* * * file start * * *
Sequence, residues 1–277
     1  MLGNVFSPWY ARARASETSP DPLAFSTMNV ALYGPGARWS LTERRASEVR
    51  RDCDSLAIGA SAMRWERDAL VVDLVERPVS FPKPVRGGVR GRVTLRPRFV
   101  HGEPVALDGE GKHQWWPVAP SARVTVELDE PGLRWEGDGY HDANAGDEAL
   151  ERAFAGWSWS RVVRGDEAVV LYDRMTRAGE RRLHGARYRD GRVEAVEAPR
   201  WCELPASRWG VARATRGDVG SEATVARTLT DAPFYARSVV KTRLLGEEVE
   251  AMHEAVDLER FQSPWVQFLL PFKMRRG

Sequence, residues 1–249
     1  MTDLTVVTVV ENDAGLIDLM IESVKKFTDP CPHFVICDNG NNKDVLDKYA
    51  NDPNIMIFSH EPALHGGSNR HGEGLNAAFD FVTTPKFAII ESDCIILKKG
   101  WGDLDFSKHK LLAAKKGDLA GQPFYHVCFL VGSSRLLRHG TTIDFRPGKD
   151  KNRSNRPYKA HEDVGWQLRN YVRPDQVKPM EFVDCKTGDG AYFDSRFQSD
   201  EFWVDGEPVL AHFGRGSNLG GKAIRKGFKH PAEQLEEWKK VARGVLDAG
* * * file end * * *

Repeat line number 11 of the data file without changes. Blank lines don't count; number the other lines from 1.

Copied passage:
   101  WGDLDFSKHK LLAAKKGDLA GQPFYHVCFL VGSSRLLRHG TTIDFRPGKD